• Participating: The employees on this team see participating as essential to health of the team. Each of them has a unique role and understands that they have something positive to contribute...
Here is a list of teamwork skills that you'll want to keep in mind as you prepare to answer questions about teamwork. Ask yourself, when did I demonstrate any of the following:
• Conflict management
• Drawing out the input of introverts
• Holding people accountable
• Framing key issues
• Jumping in to do additional work during times of crisis
• Monitoring progress
• Recognising the achievements of others
Examples of introduction to Teamwork Competencies
“In my last position, I was part of a software implementation team. We all worked together to plan and manage the implementation schedule, to provide customer training, and to ensure a smooth transition for our customers. During one particularly challenging and complex assignment an issue arose when two members of the team began constantly butting heads...
“I was part of a team responsible for evaluating and selecting a new vendor for our office equipment and supplies. In this regard, the team was tasked with reviewing options, compare pricing and service, and then choose a suitable vendor. I was conscious of the importance of the time frame from the outset of this initiative ...”
Point of note:
although this is a teamwork competency be careful that you use the word ‘I’ in relation to demonstrating the role you undertook in a given scenario. Don’t tell the story by describing the actions of ‘we’ throughout. ‘We’ are not being interviewed.‘I’ am.
Remember: Tailor Your Answer to the Job
Try to provide examples that are closely related to the job or the culture you are applying for. Think about your past work, internship, or voluntary or life experiences that required skills similar to those needed for this job. In general the principles of team work do tend to be universal to all industries, however they may be required in a different context depending on the organisation. We want to highlight your ability to come up with solutions within the team.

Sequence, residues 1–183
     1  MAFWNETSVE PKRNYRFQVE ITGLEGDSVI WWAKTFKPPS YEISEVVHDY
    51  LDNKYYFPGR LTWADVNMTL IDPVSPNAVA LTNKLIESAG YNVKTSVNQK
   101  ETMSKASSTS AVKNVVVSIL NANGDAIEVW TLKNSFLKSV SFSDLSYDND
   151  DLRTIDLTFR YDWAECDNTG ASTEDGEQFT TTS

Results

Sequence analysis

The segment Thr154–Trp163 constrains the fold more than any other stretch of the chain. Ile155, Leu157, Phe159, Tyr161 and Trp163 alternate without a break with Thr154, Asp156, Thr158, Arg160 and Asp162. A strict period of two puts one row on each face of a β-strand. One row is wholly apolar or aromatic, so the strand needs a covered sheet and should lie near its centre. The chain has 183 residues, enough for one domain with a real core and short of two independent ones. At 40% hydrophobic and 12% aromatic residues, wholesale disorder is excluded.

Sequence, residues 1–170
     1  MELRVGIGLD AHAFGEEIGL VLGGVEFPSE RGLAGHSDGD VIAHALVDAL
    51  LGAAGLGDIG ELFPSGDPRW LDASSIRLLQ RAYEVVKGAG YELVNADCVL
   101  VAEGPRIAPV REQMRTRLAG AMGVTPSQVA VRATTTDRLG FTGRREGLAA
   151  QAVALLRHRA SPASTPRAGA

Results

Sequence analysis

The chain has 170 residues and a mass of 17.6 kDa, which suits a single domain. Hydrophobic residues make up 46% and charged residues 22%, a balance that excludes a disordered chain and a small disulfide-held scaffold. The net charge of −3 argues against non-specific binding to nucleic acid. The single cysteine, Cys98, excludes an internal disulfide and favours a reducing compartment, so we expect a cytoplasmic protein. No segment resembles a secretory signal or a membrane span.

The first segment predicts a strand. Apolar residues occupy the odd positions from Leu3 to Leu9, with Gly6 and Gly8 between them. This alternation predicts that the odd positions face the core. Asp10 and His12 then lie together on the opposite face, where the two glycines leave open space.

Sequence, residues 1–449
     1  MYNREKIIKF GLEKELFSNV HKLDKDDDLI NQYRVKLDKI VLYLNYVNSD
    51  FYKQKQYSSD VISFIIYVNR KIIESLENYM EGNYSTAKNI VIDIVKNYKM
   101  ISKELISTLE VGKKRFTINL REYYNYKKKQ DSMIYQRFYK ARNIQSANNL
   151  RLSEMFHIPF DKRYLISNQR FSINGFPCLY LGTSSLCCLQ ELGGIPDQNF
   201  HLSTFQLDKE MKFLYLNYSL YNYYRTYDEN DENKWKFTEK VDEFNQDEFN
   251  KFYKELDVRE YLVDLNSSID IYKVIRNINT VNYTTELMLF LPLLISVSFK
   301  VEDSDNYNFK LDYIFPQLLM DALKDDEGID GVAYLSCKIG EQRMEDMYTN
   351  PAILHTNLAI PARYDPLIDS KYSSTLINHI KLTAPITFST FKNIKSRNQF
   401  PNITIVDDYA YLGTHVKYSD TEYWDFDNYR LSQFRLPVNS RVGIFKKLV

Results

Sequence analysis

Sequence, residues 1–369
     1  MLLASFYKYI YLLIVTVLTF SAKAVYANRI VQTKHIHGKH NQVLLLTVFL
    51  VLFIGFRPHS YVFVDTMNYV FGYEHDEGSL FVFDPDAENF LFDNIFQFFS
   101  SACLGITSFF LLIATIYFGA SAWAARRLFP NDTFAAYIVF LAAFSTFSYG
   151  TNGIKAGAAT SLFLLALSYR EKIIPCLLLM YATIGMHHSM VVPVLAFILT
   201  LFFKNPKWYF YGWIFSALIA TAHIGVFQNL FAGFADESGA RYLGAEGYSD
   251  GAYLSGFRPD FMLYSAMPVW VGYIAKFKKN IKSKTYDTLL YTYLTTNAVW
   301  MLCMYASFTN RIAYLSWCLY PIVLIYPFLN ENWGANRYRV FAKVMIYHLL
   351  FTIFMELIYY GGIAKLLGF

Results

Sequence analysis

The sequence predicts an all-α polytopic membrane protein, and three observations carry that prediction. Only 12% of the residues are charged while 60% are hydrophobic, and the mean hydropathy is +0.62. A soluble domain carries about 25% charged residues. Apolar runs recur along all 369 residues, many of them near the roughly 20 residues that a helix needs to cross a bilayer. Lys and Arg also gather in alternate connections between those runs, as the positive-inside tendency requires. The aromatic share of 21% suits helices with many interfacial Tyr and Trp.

Consider also the company and position-level of the job. Large corporate companies may value different teamwork traits than small businesses or start-ups. If you are applying for a management-level position, try to use examples that display your leadership skills and team-building skills. If you are applying for a support position, share how you've helped resolve conflicts or kept team members on deadline. For example 'I recognised that this particular call belonged to my manager but I wanted to make sure that he was fully abreast of the situation before making it.'
In establishing this process organisations can sometimes be more specific about what they require from candidates by developing a list of competencies desirable for each role and in some cases they will expand on what is required under each one. The Civil Service has a thoroughly compiled competency based framework for all levels of employment.
By developing specific examples you can demonstrate your abilities a lot better in an interview. Firstly, you demonstrate your ability under a given competency not by just stating that you are ‘good’ at it (as this demonstrates little) but by giving specific examples of situations in which you performed according to what is required by the competency.
Also, we are asked a lot about smooth talkers and charmers getting selected against other candidates who may be more genuine and the basic fact is that, yes (unfortunately or otherwise) an interview is a performance and it is about how well you do on the day.However, rest assured that a well trained interview panel will have ways and means of weeding out bluffers.